Aesop’s biggest shop in Europe has paid a fitting homage to James Bond and don’t be surprised if 007 himself slides down one of its unfurling clay pillars which apes the famous gun-barrel opening sequence of the spy thrillers. Certainly not a small feat of retail theatre by the Australian uber cool apothecary famous for its potions and lotions. “We wanted to make a statement,” says Marita the amiable assistant who welcomed WLT to its Duke of York Square outlet opened late in 2017. It has since been stopping pedestrians and shoppers in their tracks with awe-inducing gasps. Is it a spacecraft or a UFO?
A circular mirrored fountain is surrounded by a stainless steel sink on stilts custom-built in Milan. People have been coming in to marvel and pay compliments. “Many shoppers have been coming in to admire the architecture,” says Marita. And they are not doing a hard-sell, even offering mint tea to soothe the nerves.
The clay wonder was all conceived on terra firma by Norwegian architects Snøhetta, pronounced [ˈsnøːˌhɛtɑ] which began as a collaborative architectural and landscape workshop, and has remained true to its trans-disciplinary way of thinking since its inception. To further add to the ethereal ambience of the concept Snøhetta describes its practice as “a place that nobody is from, but anyone can go to”.
ICONIC BOND SETS LICENSED TO THRILL
And to think that it all started with that incongruous pillar which they wanted to eliminate from the shop’s internal layout. Banana Republic had once occupied the 108-square metre space before Snøhetta embarked on the task of transforming it from an identikit space into its present fusion of futuristic and classic design.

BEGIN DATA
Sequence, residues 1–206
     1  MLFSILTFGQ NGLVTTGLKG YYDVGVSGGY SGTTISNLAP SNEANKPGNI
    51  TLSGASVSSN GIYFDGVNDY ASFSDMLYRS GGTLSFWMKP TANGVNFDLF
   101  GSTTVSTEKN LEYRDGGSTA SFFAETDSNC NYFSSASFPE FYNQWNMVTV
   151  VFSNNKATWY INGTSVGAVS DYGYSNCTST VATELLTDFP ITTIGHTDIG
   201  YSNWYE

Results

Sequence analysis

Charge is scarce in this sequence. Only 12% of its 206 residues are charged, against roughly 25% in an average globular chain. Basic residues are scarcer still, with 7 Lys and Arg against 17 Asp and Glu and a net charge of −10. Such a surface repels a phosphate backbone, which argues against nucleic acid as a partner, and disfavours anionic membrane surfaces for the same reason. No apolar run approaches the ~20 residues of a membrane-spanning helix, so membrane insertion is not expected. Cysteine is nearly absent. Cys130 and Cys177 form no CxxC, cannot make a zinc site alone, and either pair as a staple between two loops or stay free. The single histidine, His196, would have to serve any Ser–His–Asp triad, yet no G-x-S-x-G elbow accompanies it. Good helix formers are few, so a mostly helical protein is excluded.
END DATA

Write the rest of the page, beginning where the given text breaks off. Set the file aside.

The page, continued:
Situated on the fashionable King’s Road in Chelsea, west London, the architects say the store’s design was inspired by the contextual relevance of the location combined with an influence of futuristic elements. The result is an interior defined by its mud red colour palette, and stainless-steel elements.
An existing column was used as the starting point for the store’s layout. From this centralised column, 12 arches stretch towards the perimeter walls. This series of arches function as a key element in creating a sense of organisational hierarchy, establishing visual separators within the space. The arches are clad in a clay based plaster with a subtle gradient colour, ranging from a lighter base to a darker shade. Illumination from between the arches further emphasises the dramatic effect.
Expanding out from the centralised column, the circular sink establishes itself as the natural meeting point of the store. The sink, which is an integral part of all Aesop’s stores, appears as a hovering water mirror reflecting the light and colours of the ceiling. Made from polished stainless steel and glass fibre, the sink becomes a focal element, while simultaneously allowing for an optimised flow of people within the space.
The walls, ceiling, and arches are clad in a pink-pigmented clay based plaster, giving the space a royal rose-colour. The clay plaster was produced by Clayworks, and sourced from South West England. The colour palette is contrasted by extensive use of steel in the other custom elements of the store.
Snøhetta hopes its seventh conceptual design for Aesop “triggers the customer’s sense of curiosity”. Fasten your seat belts for take-off.
- Aesop, 22-24 Duke of York Square, King’s Road, London SW3 4LY